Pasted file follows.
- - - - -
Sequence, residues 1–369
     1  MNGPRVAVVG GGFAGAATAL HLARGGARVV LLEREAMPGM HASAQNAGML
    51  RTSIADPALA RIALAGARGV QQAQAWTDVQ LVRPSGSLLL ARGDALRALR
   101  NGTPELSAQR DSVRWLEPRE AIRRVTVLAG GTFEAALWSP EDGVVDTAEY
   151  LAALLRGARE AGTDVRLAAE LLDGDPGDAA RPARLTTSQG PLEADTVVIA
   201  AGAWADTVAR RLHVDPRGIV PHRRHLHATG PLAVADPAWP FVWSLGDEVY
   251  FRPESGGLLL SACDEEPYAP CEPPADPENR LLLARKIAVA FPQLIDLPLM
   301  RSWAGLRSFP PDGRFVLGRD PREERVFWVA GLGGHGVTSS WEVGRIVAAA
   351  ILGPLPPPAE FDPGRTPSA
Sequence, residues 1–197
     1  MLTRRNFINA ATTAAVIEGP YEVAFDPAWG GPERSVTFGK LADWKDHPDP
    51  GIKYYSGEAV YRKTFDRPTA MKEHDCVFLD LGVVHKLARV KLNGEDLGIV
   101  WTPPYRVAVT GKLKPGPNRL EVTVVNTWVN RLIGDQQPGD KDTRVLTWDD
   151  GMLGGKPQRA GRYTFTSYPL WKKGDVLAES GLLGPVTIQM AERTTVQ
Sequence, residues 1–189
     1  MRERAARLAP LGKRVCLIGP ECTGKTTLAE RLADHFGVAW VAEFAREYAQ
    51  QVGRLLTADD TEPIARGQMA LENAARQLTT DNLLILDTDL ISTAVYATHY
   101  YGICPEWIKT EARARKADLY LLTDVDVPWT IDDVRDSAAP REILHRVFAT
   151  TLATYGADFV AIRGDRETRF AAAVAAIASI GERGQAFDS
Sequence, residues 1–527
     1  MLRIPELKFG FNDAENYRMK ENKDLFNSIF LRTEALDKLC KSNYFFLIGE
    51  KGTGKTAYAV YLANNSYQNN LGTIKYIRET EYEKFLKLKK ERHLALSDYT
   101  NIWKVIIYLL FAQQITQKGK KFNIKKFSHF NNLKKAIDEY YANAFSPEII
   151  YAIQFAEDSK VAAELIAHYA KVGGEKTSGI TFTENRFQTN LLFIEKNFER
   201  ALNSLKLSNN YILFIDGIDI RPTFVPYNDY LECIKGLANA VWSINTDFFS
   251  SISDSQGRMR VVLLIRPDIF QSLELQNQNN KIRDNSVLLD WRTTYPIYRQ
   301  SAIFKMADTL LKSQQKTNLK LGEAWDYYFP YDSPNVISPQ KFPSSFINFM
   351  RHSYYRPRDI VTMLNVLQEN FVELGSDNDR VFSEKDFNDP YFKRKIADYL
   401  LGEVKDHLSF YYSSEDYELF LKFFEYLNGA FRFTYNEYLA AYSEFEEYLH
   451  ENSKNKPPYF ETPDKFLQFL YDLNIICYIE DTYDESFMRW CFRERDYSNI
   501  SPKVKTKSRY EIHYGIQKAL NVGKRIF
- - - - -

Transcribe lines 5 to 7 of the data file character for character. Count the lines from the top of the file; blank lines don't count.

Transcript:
   151  LAALLRGARE AGTDVRLAAE LLDGDPGDAA RPARLTTSQG PLEADTVVIA
   201  AGAWADTVAR RLHVDPRGIV PHRRHLHATG PLAVADPAWP FVWSLGDEVY
   251  FRPESGGLLL SACDEEPYAP CEPPADPENR LLLARKIAVA FPQLIDLPLM